The Q&A is part of the global guide to construction and projects. Areas covered include trends and significant deals, the main parties, procurement arrangements, transaction structures and corporate vehicles, financing projects, security and contractual protections required by funders, standard forms of contract, risk allocation, exclusion of liability, caps and force majeure. Also covered are material delays and variations, appointing and paying contractors, subcontractors, licences and consents, project insurance, labour laws, health and safety, environmental issues, corrupt business practices and bribery, bankruptcy and insolvency, public private partnerships (PPPs), dispute resolution, tax, the main construction organisations, and proposals for reform.Read More
By Michael P. Cotton, K&L Gates, Pittsburgh
Through a recent amendment to Article 257 of the UAE Penal Code, any arbitrators, experts, or translators who issue biased decisions or opinions in UAE arbitration proceedings may now be subject to criminal liability. The new law has led to widespread concern and uncertainty in the international arbitration community.
In Appeal No. 173/2016, the Qatar Court of Cassation considered an appeal against the Court of Appeal’s decision dismissing an application for the enforcement of an International Chamber of Commerce (ICC) award.
The Qatari Court of Cassation has clarified the position on enforcement of foreign arbitral awards in Qatar, by confirming that none of the domestic requirements relating to certification and authentication of foreign official documents apply to international awards, thanks to the New York Convention.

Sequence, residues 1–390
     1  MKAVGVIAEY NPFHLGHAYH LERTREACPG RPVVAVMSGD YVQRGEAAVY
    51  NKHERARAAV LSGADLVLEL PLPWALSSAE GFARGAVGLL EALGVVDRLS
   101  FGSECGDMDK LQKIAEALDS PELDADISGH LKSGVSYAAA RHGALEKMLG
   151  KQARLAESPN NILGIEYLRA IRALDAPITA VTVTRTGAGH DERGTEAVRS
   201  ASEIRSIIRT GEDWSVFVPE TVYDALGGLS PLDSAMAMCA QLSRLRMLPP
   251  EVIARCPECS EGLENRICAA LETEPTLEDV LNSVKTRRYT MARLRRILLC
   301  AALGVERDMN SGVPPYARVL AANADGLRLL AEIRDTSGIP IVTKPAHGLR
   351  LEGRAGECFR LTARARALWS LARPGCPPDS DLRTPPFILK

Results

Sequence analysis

This judgment is a significant step in the right direction for arbitration in Qatar, especially where it concerns the hotly debated topic of enforcement of foreign awards. Qatar, which has a mixed legal system (Civil Law based on overriding principles of the Shari’a), does not recognise the principle of legal precedent in the same way as a common law jurisdiction does. Judges are generally not strictly bound by the decisions made in previous cases or by superior courts. However, whilst this judgment may not be strictly binding on the lower courts in Qatar, it may be considered as highly persuasive, and is therefore not a case that the lower courts should overlook lightly.
It remains to be seen whether the French courts will uphold or dismiss the appeal in the parallel proceedings to annul the award. Until then, the Court of Cassation’s judgment stands and provides considerable clarity on the requirements for enforcement of an ICC award in Qatar. (Appeal No. 173/2016).
Welcome to this 32nd edition of Arbitration World.
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We are very pleased to include in this edition, as part of our series of guest contributions from expert witnesses, an article by Howard Rosen and Noel Matthews of FTI Consulting, regarding how “country risk” can affect the value of investments and the approach towards this issue in damages calculations in international arbitration.
We review recent developments in arbitration in Qatar, including court decisions regarding the validity of arbitration agreements and the enforcement of arbitration awards. As part of a series of articles related to so-called “Bermuda Form” liability insurance policies, we look at the process of formation of the arbitral tribunal in Bermuda Form policies and whether such insurance policies may conflict with certain U.S. state laws regulating insurance.
We report on a recent decision of the English Commercial Court regarding enforcement of a tribunal’s order for a provisional payment, as well as a recent UK Privy Council decision on the meaning and effect of permissive arbitration clauses. We review the new mediation rules of the Vienna International Arbitration Centre (VIAC) and report on the work of an International Bar Association (IBA) Subcommittee in assessing how states have defined the public policy exception under the New York Convention.